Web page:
Wait Until Tomorrow: A Daughter's Memoirby Pat MacEnulty
Like all mothers, mine had a set of maxims that she thought were important to impart to me: if you can't say anything nice, then don't say anything at all (unless it's irresistibly funny); it's as easy to fall in love with a rich man as it is with a poor man (a nice idea in theory); if you want to commit suicide, wait until tomorrow (advice which has, it
Like all mothers, mine had a set of maxims that she thought were important to impart to me: if you can't say anything nice, then don't say anything at all (unless it's irresistibly funny); it's as easy to fall in love with a rich man as it is with a poor man (a nice idea in theory); if you want to commit suicide, wait until tomorrow (advice which has, it turns out, saved my life).
Like many daughters of elderly parents, Pat MacEnulty finds herself in a maze of healthcare negotiations and discoveries when her mother can no longer care for herself. Pat's mother, who stood by her through her darkest years as a drug addict, was a small-town icon as a composer, pianist, organist, and musical director. She is suddenly unable to be the accomplished, independent person she once was. Now Pat has two goals: to help her daughter avoid the mistakes that derailed her own life, and to see her mother's masterpiece, "An American Requiem," find a new life and a new audience in her mother's lifetime. Along the way, Pat rediscovers her own strength, humor, and rebelliousness at the most unlikely moments.
"Wait Until Tomorrow is a profound story about life and love and loss, growing up and growing old, holding on and letting go. There is a song of beauty and truth on every page." Cheryl Strayed, author of Wild
"An inspiring story of love, loss and the ravages of aging." Kirkus
"Pat MacEnulty provides an honest, searing look at how her mothera distinguished musician bursting with energy and witenters the last frontier of her life, still demanding the spotlight though its glow now comes from her talented, overworked daughter. There is urgency here: desires that can never be satisfied, illnesses that must be survived, love that pulls at the boundaries of hope and despair and yet stubbornly persists. Beautifully written, this is a poignant, necessary book!" Patricia Foster, author of All the Lost Girls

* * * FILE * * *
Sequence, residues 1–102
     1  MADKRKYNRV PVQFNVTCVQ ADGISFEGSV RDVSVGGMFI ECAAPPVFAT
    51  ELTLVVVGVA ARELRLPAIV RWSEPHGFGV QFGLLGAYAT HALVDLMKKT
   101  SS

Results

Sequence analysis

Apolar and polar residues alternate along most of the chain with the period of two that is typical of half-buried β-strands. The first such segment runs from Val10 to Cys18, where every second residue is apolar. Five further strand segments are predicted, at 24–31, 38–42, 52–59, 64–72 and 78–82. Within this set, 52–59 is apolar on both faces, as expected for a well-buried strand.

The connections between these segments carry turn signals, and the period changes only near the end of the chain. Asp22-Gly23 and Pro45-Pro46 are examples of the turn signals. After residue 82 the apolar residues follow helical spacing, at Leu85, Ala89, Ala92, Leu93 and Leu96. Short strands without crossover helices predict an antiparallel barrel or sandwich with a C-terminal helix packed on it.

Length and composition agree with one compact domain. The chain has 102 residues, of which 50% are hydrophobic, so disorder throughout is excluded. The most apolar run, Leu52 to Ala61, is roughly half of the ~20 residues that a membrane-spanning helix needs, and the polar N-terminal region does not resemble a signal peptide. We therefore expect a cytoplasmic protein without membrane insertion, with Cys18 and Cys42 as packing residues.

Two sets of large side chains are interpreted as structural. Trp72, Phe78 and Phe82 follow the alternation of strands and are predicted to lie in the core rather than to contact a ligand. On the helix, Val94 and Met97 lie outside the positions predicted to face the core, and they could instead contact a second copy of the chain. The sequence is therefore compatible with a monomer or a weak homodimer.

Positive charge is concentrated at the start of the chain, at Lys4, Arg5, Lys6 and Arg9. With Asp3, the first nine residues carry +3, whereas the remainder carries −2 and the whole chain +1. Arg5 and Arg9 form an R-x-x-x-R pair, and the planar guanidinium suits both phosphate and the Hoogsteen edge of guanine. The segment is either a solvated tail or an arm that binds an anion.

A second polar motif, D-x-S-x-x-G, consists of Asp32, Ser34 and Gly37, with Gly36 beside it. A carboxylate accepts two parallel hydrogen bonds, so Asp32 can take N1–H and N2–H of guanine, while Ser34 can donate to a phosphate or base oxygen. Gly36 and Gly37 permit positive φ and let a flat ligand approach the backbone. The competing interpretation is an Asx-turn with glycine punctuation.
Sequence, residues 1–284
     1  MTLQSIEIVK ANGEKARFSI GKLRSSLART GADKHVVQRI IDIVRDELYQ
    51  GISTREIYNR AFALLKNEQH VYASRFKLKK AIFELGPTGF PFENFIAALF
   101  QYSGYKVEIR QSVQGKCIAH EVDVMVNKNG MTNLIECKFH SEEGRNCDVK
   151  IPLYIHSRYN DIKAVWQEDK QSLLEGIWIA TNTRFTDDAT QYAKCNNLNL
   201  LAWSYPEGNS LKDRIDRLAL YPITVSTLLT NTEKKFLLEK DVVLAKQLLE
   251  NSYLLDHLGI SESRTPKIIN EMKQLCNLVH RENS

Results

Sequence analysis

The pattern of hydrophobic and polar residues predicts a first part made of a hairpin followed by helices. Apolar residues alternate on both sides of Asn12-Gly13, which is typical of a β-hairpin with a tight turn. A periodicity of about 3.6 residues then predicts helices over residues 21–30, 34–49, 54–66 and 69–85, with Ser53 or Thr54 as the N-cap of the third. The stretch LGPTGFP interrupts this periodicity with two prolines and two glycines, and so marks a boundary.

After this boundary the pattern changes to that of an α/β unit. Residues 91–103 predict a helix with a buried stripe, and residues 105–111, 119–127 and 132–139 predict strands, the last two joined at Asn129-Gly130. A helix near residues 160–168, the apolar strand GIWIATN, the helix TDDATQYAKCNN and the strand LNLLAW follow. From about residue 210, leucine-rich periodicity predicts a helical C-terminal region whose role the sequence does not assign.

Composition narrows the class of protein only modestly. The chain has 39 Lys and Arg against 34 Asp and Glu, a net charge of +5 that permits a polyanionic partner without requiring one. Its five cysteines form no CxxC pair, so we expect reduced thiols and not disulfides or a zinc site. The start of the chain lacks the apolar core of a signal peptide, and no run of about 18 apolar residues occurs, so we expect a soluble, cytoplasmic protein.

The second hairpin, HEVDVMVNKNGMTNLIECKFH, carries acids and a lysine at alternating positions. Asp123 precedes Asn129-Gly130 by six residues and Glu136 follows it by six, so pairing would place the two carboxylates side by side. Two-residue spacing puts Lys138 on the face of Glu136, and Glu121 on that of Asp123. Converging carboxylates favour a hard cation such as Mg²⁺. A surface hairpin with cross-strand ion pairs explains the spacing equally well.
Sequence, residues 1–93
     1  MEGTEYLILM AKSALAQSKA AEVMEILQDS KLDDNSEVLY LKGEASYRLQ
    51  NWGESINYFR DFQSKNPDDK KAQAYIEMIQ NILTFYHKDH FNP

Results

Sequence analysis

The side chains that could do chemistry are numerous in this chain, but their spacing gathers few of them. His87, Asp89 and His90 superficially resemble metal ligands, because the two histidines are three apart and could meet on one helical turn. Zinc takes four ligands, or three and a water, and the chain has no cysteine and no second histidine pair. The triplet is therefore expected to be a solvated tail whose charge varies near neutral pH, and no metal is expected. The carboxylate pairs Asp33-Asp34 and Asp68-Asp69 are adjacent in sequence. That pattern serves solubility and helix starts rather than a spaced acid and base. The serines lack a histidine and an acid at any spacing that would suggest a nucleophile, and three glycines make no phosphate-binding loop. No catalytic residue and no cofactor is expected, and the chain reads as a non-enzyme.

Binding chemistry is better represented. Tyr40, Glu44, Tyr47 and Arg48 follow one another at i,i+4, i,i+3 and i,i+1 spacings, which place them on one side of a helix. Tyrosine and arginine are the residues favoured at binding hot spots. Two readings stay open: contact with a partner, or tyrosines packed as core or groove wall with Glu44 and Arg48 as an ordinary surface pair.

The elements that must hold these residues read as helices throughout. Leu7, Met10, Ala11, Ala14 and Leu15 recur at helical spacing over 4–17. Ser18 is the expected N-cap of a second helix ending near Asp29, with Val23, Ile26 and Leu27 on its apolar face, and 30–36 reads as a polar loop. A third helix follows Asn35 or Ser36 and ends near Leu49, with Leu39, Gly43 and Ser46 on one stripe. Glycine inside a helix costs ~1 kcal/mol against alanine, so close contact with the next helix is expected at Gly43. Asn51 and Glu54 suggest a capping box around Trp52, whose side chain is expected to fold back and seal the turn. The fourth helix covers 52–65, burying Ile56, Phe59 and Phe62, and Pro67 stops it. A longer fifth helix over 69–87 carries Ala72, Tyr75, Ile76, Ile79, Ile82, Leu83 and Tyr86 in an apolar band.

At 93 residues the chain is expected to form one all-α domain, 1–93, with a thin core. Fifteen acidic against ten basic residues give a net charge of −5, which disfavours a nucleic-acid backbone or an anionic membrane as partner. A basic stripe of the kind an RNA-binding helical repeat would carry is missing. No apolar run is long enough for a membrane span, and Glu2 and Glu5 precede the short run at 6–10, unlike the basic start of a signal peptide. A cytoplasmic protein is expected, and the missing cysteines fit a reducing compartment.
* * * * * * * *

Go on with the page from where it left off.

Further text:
“A spare, disciplined prose that no one will be able to read without thinking of Hemingway. But MacEnulty has made the style her own Every story is a new demonstration that MacEnulty has that rare ability to convince, wholly, in very few words.” The Observer
"This beautiful book about death and dying, written from the point of view of a daughter, a caregiver who was wise enough to care about her own life, is also a lively and even funny book." Kate Millet, author of Mother Millet
Novelist MacEnulty (Picara, 2009, etc.) shares the experience of becoming her 86-year-old mother's caretaker in 2004—a time she describes as "gut wrenching, sometimes grief-filled" but also unexpectedly "rewarding and soul stretching."
Her mother, a talented professional musician and composer, had moved to North Carolina where she lived alone. She worked until she was 82, when increasing disability, the result of a failed spinal operation, left her virtually homebound and in constant pain. The author writes that although retrospectively she can date the process of her mother's aging, at the time it was masked by her upbeat personality and the fact that until 2002, she was living in Florida. When it became obvious that her mother could no longer manage alone, MacEnulty took her into her own family, but this proved to be an untenable situation because of her mother's increasing disorientation and distraught behavior. While her two older brothers provided moral support and some financial assistance, the primary burden of her mother's care fell on the author. She placed her in an assisted-living facility and cared for her there on a daily basis, to the detriment of her own family—a situation that led to the disintegration of her marriage. MacEnulty writes that while she began this book in order to document the financial and emotional burden of providing for the elderly, it soon morphed into a memoir about her relationship to her mother as a younger woman who "possess[ed] a wide-ranging intelligence [and] was kind, generous, fun, and extraordinarily talented." In 2010, she returned with her mother to Florida for a triumphant visit, to attend the performance of a requiem mass that she had composed.
An inspiring story of love, loss and the ravages of aging.
- Feminist Press at CUNY, The
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- Product dimensions:
- 5.50(w) x 7.90(h) x 0.80(d)
Meet the Author
Pat MacEnulty is a teacher, writing coach, and freelance editor. She holds a Ph.D. from the Creative Writing Program at Florida State University. MacEnulty is the author of four novels, including Sweet Fire (2004), Time to Say Goodbye (2006), From May to December (2007), Picara (2009), and the short story collection The Language of Sharks (2004). Her interviews, short stories, essays, poems, and plays have appeared in The Sun and other publications. From 1995 to 2002 she facilitated writing and drama workshops for prisoners as well as at-risk juveniles. MacEnulty currently resides in Charlotte, North Carolina.
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